Family History Goes to School

The final weeks of the school year can trigger anxiety, especially if project deadlines are involved. If younger students are stumped about how to complete an assigned project, consider whether family history could be the key to their success.

Crystal Farish, a researcher at AncestryProGenealogists, helped her own children connect with their past through school work, but she also has seen genealogy-inspired projects light up an interest in the field for many other students. She offered these ideas for bringing the family tree into the homework realm:

  1. History:
  1. Writing/Journalism:
  1. Geography:

Because children are comfortable with apps and technology in general, they sometimes need only minimal prodding from adults to find their own answers. Farish recommends that parents and teachers prompt curiosity instead of providing answers.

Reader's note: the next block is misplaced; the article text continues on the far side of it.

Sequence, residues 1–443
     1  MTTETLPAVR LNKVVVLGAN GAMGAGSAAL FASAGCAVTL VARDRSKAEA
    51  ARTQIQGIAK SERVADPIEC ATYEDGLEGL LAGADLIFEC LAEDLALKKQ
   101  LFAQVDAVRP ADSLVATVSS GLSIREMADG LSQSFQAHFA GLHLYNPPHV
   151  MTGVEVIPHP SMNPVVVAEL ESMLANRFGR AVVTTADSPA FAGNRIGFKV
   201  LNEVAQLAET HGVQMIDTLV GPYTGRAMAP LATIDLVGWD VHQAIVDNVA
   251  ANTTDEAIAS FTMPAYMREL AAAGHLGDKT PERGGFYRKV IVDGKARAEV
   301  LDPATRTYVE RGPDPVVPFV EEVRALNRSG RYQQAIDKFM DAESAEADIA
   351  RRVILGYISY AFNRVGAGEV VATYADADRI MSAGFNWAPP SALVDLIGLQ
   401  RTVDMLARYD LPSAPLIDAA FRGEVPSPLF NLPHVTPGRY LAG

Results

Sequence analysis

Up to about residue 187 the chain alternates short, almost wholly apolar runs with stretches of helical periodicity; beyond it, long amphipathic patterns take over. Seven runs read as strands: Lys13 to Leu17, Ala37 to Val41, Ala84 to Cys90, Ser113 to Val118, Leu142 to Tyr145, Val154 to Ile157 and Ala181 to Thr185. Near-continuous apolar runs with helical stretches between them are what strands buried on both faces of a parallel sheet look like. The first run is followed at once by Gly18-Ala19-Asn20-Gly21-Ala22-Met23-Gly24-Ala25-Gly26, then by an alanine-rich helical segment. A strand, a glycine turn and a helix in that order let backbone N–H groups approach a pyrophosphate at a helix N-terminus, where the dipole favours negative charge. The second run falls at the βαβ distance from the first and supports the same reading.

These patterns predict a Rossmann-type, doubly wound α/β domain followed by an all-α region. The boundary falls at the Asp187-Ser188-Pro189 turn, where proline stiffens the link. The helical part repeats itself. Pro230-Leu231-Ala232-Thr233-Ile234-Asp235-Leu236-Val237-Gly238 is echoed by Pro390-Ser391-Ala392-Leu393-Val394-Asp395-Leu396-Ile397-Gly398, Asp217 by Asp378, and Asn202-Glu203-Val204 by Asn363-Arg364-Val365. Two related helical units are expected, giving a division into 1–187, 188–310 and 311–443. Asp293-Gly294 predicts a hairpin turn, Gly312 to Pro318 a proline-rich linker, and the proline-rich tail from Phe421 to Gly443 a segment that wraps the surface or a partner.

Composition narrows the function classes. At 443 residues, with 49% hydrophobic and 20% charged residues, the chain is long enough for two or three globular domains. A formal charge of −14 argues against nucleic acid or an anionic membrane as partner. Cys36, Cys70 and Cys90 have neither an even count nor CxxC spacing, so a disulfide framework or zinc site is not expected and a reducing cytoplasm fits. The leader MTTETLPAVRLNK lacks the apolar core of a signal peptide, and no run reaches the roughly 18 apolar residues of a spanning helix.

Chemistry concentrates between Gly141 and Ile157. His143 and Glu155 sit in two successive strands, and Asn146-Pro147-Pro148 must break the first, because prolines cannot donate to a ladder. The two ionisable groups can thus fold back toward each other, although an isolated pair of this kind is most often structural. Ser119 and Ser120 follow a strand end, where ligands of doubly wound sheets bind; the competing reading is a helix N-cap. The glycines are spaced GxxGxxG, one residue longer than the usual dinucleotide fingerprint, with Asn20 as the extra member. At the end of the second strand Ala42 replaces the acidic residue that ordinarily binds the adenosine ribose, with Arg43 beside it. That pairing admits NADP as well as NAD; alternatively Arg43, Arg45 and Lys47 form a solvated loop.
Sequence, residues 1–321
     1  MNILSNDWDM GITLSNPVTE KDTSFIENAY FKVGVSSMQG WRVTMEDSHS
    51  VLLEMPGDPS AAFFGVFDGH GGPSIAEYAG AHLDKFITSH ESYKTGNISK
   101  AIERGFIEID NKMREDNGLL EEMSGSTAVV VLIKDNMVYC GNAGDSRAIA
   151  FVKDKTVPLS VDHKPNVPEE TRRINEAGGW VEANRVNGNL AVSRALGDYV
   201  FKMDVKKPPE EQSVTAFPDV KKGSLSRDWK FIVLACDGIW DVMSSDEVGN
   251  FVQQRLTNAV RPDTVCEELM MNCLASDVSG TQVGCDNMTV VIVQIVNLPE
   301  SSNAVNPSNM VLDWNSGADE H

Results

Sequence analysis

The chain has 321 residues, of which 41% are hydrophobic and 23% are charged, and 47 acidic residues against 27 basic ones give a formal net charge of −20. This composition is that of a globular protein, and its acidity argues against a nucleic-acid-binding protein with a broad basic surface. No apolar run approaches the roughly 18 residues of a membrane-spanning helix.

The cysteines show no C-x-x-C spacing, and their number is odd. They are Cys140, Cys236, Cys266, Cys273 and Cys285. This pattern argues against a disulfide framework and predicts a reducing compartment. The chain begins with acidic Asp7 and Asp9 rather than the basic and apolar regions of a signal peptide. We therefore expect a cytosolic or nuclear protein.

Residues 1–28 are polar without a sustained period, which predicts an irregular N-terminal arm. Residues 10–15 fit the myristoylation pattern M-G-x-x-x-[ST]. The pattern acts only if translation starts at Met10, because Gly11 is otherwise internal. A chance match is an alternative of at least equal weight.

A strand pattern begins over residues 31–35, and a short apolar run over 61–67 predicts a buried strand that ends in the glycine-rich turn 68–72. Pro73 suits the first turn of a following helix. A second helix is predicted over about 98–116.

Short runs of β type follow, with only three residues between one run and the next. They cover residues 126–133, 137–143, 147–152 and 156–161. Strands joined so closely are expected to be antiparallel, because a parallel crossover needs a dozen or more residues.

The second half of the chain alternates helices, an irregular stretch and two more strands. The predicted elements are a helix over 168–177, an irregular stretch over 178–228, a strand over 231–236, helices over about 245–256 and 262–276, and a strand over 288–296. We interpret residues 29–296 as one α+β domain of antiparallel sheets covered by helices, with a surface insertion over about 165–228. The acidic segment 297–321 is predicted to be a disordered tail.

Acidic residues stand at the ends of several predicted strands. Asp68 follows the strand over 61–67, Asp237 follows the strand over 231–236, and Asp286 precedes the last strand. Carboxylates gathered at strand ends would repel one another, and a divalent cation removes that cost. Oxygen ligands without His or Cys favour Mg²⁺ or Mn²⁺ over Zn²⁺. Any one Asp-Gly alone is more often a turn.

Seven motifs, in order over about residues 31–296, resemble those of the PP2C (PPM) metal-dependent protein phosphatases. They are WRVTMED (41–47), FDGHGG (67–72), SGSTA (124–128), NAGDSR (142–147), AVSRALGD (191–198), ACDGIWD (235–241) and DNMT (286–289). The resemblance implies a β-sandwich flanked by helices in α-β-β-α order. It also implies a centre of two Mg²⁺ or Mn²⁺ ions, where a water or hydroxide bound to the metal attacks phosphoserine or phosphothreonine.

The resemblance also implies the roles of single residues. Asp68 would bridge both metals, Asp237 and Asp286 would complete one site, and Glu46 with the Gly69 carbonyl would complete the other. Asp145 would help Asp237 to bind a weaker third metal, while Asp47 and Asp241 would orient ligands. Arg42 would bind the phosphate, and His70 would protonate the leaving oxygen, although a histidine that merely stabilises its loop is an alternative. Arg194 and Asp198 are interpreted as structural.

“I think as a parent the best thing you can do is ask questions and get them looking for answers,” Farish said. “‘I wonder how we could see if his house is still there? I wonder if there are any recipes?’ Ask the kids how to find out. There is so much available, and they know how to find it.”

  1. Art/Music:

Farish finds the possibilities in this category to be especially engaging for young people. “All those things touch all your senses,” she said. “It really helps you experience an ancestor’s life, even if you didn’t know them.”

  1. Science:
  1. Life Skills:
  1. Service Projects:

Even outside the classroom, activities intended to serve others can also open the eyes of young people. Girl Scouts or Boy Scouts can use family history to earn badges. Many service opportunities exist for those interested in family history.

Farish invites students to explore innumerable other ideas to incorporate family history into their learning. What has worked for you?